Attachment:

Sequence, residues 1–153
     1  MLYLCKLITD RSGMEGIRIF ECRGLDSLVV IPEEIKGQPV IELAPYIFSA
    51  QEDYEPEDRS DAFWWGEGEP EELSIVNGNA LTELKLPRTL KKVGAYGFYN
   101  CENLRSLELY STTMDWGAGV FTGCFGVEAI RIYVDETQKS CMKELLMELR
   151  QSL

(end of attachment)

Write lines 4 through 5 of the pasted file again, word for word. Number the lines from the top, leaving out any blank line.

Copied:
   101  CENLRSLELY STTMDWGAGV FTGCFGVEAI RIYVDETQKS CMKELLMELR
   151  QSL